Mon cadet, mon aîné.
maw kaa-DAY, maw nay-NAY. Click below to hear this pronounced!
My youngest, my oldest.
Don’t worry, I’m not going to get all sentimental on you. I’m just going to tell you how to refer to your children when you are telling stories about them. This can also apply to your siblings, so don’t stop reading if you don’t have children!
You know about cadets in a military academy. They are the youngest students. In the same way, mon cadet means my youngest (male) child, and ma cadette means my youngest (female) child. Add frère or soeur, and those are your siblings: mon frère cadet, ma soeur cadette (maw frair kah-DAY, mah SUHR kah-DETT).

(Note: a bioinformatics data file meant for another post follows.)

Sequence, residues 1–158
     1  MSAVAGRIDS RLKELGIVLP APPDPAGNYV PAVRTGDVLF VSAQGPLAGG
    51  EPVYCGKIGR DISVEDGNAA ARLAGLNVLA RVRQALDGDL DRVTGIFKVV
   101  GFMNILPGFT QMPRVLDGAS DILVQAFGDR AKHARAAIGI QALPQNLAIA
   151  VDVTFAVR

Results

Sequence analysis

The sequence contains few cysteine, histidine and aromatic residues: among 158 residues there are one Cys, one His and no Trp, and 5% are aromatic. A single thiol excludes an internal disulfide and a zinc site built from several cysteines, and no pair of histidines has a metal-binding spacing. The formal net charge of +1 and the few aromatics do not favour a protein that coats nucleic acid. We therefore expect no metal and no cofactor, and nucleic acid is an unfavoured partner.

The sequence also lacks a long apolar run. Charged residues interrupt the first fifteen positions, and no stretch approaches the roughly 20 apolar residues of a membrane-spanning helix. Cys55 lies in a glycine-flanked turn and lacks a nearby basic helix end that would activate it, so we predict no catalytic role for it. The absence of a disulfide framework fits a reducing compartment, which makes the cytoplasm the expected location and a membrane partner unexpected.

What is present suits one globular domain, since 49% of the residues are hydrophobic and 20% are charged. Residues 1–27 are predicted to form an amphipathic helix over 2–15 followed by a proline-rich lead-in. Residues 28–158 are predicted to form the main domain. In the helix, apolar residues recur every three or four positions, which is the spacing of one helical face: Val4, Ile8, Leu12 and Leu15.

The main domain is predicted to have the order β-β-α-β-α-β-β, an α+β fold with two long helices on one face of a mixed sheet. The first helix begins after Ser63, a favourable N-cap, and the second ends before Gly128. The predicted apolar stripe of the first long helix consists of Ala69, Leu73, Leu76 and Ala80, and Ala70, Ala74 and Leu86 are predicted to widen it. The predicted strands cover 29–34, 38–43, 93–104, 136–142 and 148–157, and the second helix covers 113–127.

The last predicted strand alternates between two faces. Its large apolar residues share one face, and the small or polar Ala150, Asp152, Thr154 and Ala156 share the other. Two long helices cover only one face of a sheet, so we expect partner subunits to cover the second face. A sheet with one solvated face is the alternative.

Mon aîné(e) is my oldest. Because aîné begins with a vowel, you use mon for the possessive whether it’s a boy or a girl you are referring to. Just add the final e (that one between the parentheses) for a girl. But for your siblings, say ma soeur aînée and mon frère aîné.
Aîné is a funny word, one of those words whose history shines right through the word in its modern form. Né means born, and ainz was the Old French word for before. It might have been pronounced /aantz/, /eye-ntz/, or /entz/. In any case, you can almost hear its Latin predecessor, ante, in the French derivative, especially when you consider that in later Latin, the –te started producing a softer, sibilant sound like an /s/ or /z/.
So aîné (ainz né) means born before. And here’s one more Old French word for you: puîné. Before cadet came into use, puîné was used to mean younger: puis né, or then born (that is, next in line).
There’s no special word for the child in the middle. That’s me. I have une soeur aînée and un frère cadet, but I am just la deuxième enfant (the second child).